About the Artists

Rolf Schulte

Rolf Schulte, whom The New Yorker has called “one of the most distinguished violinists of our day,” started playing the violin at age five under his father’s tutelage. He later studied with Kurt Schäffer at the Robert Schumann Conservatory in Düsseldorf, attended Yehudi Menuhin’s summer course in Gstaad, Switzerland, and studied with Franco Gulli at the Accademia Chigiana in Siena before moving to the United States to study with Ivan Galamian at The Curtis Institute of Music in Philadelphia. At age 14, he made his orchestral debut with the Philharmonia Hungarica in Cologne, playing Mendelssohn’s Violin Concerto.

He has since performed with the Berlin Philharmonic, the Frankfurt Museums Orchester, the Stuttgart Staatsorchester, the Bamberg Symphony, the Orchestra del Teatro La Fenice in Venice (in Stravinsky’s Concerto under Robert Craft), the RTE Irish National Symphony in Dublin, and the Radio Orchestras of Berlin (RSO), Cologne (WDR), and Stuttgart (SDR) under conductors Christoph von Dohnányi, György Lehel, Tamas Vásary, Dennis R. Davies, Daniel Nazareth, Alexander Lazarov, Guido Ajmone-Marsan and many others. In 1990 he performed Roger Sessions’ Violin Concerto with the Radio Orchestra of the USSR in Moscow under the direction of Lukas Foss and presented American music in recital.

Among the works Schulte has premiered are Donald Martino’s Violin Concerto, Tobias Picker’s Concerto with the American Composer’s Orchestra at Lincoln Center (recorded by CRI), Milton Babbitt’s The Joy of More Sextets at the Library of Congress (New World Records), Mario Davidovsky’s Synchronisms No. 9 at M.I.T. (Vergo), and Elliott Carter’s Fantasy at Harvard. American premieres include György Kurtág’s Kafka Fragments at Tanglewood, Poul Ruder’s Violin Concerto No. 1 (Bridge Records), and Elliott Carter’s Riconoscenza per Goffredo Petrassi.

Schulte has appeared with the Chamber Music Society of Lincoln Center and the 1990 Kuhmo Music Festival in Finland. His numerous recital performances include the cycle of ten Beethoven sonatas at Harvard, Dartmouth and Middlebury colleges, and the complete violin works of Igor Stravinsky at the 92nd St. Y and Berliner Festwochen, among other places. From 1999-2001 he held a residency at Harvard University during which he presented new works by Carter, Donald Martino (Romanza) and Milton Babbitt (Little Goes a Long Way).
His long and distinguished discography includes recordings of Arnold Schoenberg’s Violin Concerto with the Philharmonia Orchestra (Koch International, re-issued on Naxos), Robert Schumann’s Works for Violin and Piano (Centaur Records), and several pieces of Elliott Carter: Duo and Riconoscenza, the Violin Concerto (with the Odense Symphony) and Four Lands (all on Bridge Records). Recent recordings include the Schoenberg Phantasy, Op. 47 and String Trio Op. 45 (Naxos, nominated for a 2010 Grammy award).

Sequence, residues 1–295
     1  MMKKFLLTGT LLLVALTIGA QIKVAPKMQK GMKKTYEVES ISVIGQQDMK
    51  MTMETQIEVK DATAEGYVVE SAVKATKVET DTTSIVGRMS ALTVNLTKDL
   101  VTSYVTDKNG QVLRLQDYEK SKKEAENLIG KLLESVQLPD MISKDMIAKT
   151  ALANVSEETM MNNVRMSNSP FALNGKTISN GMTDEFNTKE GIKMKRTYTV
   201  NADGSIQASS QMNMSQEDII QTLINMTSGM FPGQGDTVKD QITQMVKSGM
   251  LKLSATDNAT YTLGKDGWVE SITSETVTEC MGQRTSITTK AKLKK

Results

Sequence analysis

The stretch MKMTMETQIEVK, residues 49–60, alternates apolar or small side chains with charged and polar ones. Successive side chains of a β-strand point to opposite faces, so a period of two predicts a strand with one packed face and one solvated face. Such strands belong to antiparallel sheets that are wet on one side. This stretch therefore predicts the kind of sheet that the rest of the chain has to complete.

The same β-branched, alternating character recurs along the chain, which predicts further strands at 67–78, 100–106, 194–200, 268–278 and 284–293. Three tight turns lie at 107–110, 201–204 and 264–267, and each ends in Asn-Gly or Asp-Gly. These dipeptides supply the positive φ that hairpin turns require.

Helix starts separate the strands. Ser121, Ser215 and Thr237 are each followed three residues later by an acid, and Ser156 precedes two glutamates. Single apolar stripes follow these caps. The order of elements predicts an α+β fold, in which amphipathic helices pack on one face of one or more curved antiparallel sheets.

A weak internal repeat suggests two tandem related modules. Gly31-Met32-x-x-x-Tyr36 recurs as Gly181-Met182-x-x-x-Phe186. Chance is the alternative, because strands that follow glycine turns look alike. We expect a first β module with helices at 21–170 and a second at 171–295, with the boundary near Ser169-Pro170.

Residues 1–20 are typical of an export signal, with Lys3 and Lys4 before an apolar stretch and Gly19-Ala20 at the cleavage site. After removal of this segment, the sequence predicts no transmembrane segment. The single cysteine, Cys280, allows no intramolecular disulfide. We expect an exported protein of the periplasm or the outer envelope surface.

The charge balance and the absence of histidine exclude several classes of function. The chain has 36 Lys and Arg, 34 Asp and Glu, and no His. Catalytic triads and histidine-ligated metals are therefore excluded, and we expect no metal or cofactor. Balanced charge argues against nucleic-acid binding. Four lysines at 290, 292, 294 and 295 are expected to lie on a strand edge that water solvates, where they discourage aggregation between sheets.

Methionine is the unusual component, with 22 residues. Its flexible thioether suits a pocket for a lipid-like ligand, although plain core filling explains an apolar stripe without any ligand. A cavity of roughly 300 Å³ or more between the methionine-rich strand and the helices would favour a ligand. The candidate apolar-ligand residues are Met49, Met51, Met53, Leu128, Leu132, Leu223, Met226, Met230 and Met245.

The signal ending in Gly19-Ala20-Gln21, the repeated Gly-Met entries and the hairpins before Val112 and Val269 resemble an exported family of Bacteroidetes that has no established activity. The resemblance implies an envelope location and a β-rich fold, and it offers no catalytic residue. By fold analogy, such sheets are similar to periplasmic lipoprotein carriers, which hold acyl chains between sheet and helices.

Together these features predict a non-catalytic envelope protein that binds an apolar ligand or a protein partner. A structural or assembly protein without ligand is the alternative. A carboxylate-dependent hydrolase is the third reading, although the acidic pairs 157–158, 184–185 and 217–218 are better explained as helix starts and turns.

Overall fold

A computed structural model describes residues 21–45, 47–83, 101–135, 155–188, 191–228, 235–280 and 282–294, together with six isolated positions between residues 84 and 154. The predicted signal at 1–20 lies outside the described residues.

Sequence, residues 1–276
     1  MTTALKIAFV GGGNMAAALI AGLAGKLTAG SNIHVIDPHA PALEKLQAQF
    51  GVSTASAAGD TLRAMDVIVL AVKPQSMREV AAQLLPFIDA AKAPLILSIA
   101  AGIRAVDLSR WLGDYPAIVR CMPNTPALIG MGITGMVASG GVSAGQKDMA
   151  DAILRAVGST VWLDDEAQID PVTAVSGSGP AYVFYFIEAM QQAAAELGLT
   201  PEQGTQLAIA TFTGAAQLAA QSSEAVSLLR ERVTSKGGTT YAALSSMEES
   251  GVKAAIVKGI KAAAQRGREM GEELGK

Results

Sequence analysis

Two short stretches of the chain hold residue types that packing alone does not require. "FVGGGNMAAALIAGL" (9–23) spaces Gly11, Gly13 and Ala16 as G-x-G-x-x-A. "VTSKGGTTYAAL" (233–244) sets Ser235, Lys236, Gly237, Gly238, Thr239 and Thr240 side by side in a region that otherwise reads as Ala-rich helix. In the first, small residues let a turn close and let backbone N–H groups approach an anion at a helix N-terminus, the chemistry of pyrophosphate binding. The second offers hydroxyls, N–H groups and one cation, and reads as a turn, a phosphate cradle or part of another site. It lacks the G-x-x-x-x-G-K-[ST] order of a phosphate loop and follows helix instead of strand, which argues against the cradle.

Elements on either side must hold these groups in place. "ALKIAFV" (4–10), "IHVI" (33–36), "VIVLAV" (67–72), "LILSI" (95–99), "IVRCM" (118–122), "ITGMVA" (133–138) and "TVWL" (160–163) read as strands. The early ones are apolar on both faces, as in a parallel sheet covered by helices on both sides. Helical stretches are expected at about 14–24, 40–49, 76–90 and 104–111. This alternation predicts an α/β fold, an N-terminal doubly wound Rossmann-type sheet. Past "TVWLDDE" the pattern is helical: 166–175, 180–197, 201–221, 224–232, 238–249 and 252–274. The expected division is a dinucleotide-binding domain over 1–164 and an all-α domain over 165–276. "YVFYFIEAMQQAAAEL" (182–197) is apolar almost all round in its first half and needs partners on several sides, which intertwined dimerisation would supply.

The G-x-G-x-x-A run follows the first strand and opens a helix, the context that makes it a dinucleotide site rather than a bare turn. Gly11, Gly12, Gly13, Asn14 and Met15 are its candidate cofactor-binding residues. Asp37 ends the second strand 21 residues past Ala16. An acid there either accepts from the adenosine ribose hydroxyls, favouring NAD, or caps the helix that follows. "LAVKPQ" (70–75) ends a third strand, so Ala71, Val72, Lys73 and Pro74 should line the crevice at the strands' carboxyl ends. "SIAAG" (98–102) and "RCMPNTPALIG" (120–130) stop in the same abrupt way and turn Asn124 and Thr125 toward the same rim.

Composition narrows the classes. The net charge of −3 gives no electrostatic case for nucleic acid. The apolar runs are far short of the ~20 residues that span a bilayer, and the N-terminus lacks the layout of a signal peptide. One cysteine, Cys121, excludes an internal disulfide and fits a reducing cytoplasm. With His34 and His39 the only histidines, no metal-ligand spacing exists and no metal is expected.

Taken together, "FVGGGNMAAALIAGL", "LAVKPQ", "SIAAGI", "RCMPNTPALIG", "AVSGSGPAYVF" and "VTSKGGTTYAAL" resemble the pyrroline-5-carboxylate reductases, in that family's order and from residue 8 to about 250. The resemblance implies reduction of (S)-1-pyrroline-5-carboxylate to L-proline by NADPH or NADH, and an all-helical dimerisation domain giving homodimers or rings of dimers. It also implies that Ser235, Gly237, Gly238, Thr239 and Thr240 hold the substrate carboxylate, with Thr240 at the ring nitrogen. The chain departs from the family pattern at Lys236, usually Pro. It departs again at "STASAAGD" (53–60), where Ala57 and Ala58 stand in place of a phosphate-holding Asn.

In 2012, Schulte joined the faculty of the Graduate Center, City University of New York, where he teaches violin and chamber music. He performs on a 1780 violin made by Lorenzo Storioni, Cremona.

James Winn

James Winn, piano and composition professor at the University of Nevada, Reno since 1997, made his professional debut with the Denver Symphony at the age of thirteen, and has been performing widely in North America, Europe and Asia ever since.

With his duo-piano partner, Cameron Grant, he was a recipient of the top prize given in the two-piano category of the 1980 Munich Competition (Musical America wrote about the team “Not since Josef and Rosina Lhevinne regaled us in the thirties have we heard such technical prowess paired with such genuine musical values”).

Winn has been a solo pianist with the New York City Ballet, a member of the New York New Music Ensemble, of Hexagon (woodwind quintet plus piano) and the pianist and resident composer of the Telluride Chamber Music Festival. He has been a frequent guest with the Chamber Music Society of Lincoln Center, Speculum Musicae, the Washington Square Contemporary Music Series, the Chamber Music Society of Sacramento, the Group for Contemporary Music, Cactus Pear Chamber Music Festival, La Musica International Chamber Music Festival and Bargemusic.

Well-known as a specialist in new music, Winn has been involved in numerous world premieres and premiere recordings by many renowned composers, among them 13 Pulitzer Prize winners. He is currently a member of Argenta, UNR’s resident piano trio. An active recording artist, he is featured in more than three dozen CDs as soloist, chamber musician and composer. He has received numerous career recognitions including an Artist Fellowship from the Nevada State Council of the Arts and, in 2009, the Governor’s Award for Excellence in the Arts.